Reviewed by Wini Moranville
Photos by Duane Tinkey
What a year it’s been! Eatery A said, “Game on!” to raising the bar on casual food, young Table 128 hit its stride, and the newly reopened Hotel Pattee turned heads on the fine-dining scene with its new Chef’s Table option. The Cheese Shop of Des Moines continued to alchemize pork into something sublime, while 801 Chophouse simply stayed on the top of its game. Here are five highlights chosen from a year of great eating.
Braised Pork Belly Salad
Hotel Pattee, Perry
Start to finish, it takes about five days for Executive Chef Chris Caes to brine, braise, cool, press, sear and roast the heirloom-breed pork belly for this dish. He then plates the pork with focaccia croutons, marinated tomatoes, a mix of baby lettuces and some avocado mousse for this playful, modern take on the BLT.
Don’t look for this dish on the daily menu. Rather, it exemplifies the wizardry I enjoyed last winter at the Chef’s Table. With advance reservation, Caes serves a five-course menu specifically tailored for a party of up to 10 diners. A steal at $50 per person, the feast is served beside the stone fireplace in the cozy arts-and-crafts-style lobby. Plan it all out beforehand with the chef; he’ll make anything from endive citrus salad with pan-roasted duck to butter-poached lobster risotto or mustard-glazed lamb rack for your party (though, of course, I recommend that you put this winning salad in the mix).
(Note from the editor: As this issue was going to the printer, Chris Caes left the Hotel Pattee to join the Wakonda Club. The hotel still will offer the Chef’s Table.)
The Cheese Shop of Des Moines
Lead cheese monger, shop manager and charcuterie chef Brett McClavy flavors his pâté quite classically—with salt, pepper, thyme, mushrooms and Calvados. But one taste, and you know something else is going on: Pork meat, offal and a handful of seasonings don’t always add up to something this deeply rich and lusty.
“We use Niman Ranch pork shoulder, pork liver, bacon and confit pork belly … raised in the right way by farmers who let pigs be pigs,” McClavy explains. This makes all the difference, he says: “The livers are sweet and creamy, not iron-y and sharp.”
McClavy’s recipe involves patience and many fine-tuned steps, from finding the right temperature to grind the meat to knowing just how long to press the mixture. It results in what McClavy calls his “homage to pork” or “a work of heart,” and what I call “France on a plate.”
Sea Scallops With Corn Emulsion
I love it when a chef features something we crave from afar without letting us forget where we live. That’s what Lynn Pritchard does with the fat, buttery sea scallops in this beautiful dish. The fennel and radish slaw adds freshness, the risotto croquette brings heartiness—but it’s the sweet corn emulsion that gives the dish its Midwestern sensibility.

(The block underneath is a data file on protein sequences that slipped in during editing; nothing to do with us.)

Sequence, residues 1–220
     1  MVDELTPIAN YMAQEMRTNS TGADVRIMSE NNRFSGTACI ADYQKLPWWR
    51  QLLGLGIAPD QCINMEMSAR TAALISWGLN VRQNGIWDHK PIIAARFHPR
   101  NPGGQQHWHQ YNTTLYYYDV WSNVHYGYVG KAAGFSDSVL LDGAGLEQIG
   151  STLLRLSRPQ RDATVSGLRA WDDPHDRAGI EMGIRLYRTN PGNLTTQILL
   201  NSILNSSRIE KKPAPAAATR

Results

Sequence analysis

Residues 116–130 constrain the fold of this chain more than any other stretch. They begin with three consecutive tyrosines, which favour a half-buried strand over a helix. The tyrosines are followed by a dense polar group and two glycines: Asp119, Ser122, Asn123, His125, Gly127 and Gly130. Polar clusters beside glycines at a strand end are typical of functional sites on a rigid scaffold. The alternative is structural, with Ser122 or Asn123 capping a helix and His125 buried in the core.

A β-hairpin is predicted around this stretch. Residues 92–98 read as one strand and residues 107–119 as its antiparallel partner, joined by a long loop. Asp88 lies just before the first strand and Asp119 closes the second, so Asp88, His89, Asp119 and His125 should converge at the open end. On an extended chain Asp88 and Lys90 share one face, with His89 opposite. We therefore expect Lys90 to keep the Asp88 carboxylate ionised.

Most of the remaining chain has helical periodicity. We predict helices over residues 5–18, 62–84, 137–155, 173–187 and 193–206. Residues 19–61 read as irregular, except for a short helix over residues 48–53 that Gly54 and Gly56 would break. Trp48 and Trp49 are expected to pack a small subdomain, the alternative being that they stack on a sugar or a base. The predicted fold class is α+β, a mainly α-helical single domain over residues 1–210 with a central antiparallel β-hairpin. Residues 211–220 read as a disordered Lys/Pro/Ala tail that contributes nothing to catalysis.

Although sweet corn might seem out of season in winter, don’t be surprised if you find it on his table outside of summer. Born and raised on a family farm, Pritchard still practices “putting up” food at the end of the growing season, preserving and freezing summer’s bounty to cook with all winter. In this way, Table 128 remains tapped into the locavore ethos we love, all year long.
Twelve-Ounce Lollipop Veal Chop With Portobello Mushroom Ragout
I first tasted this delight when I dined at 801 with two other well-traveled food editors who’ve been in this biz a long time; none of us could get over how wonderful this cut of meat tasted. Silky marbling distinguished the soft, rosy meat, resulting in an amazing interplay of tenderness, delicate flavor and irresistible juiciness.
As we considered possible preparations (bone marrow bath? au poivre? Maytag blue? foie gras torchon?), the server all but begged us to try the portobello mushroom ragout. She was spot on: Made in fresh batches throughout the evening, the veal stock-based, cognac-laced sauce added irresistible opulence to the already-luscious plate.
Yes, it’s a splurge ($48 à la carte), but it’s the kind dish that puts 801 at the top of my list for special occasions and for other times when the stakes are high.
What do you get when a James Beard-nominated restaurateur turns his attention to casual food priced under $15 a plate? Fresh and inventive dishes such as a chicken breast with mujadara rice, pork cheeks with polenta and tomato jam, and hanger steak with romesco sauce.
Go ahead—fall in love, but don’t get too attached. A lamb dish that captivated
me earlier this year is off the menu; fortunately, while I was on the rebound, a new lamb dish—luscious slices of lamb atop grilled eggplant spiked with fiery harissa—stole my heart.
Still, don’t get miffed if this presentation morphs through the months. “It will change again,” says chef-owner Jason Simon, explaining that during the restaurant’s first few months, chef Nick Gonwa designed the menu to be executed for a novice kitchen staff; the food will continue to evolve as the cooks become more seasoned.
“The greatest hits are on the way,” Simon adds.
So stay tuned. And try the lamb—in whatever shape it takes.
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